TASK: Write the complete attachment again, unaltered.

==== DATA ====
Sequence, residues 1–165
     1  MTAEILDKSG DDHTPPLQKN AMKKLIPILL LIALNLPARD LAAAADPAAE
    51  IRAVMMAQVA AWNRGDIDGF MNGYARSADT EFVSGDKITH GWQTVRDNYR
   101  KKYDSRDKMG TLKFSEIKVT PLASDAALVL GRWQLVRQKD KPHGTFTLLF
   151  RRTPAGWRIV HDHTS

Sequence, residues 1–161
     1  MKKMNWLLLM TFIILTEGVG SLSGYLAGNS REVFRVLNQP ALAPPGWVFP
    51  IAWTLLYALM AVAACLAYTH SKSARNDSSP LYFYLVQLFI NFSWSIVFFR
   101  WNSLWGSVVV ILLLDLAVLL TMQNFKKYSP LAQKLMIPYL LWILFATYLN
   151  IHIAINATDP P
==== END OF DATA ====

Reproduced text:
Sequence, residues 1–165
     1  MTAEILDKSG DDHTPPLQKN AMKKLIPILL LIALNLPARD LAAAADPAAE
    51  IRAVMMAQVA AWNRGDIDGF MNGYARSADT EFVSGDKITH GWQTVRDNYR
   101  KKYDSRDKMG TLKFSEIKVT PLASDAALVL GRWQLVRQKD KPHGTFTLLF
   151  RRTPAGWRIV HDHTS

Sequence, residues 1–161
     1  MKKMNWLLLM TFIILTEGVG SLSGYLAGNS REVFRVLNQP ALAPPGWVFP
    51  IAWTLLYALM AVAACLAYTH SKSARNDSSP LYFYLVQLFI NFSWSIVFFR
   101  WNSLWGSVVV ILLLDLAVLL TMQNFKKYSP LAQKLMIPYL LWILFATYLN
   151  IHIAINATDP P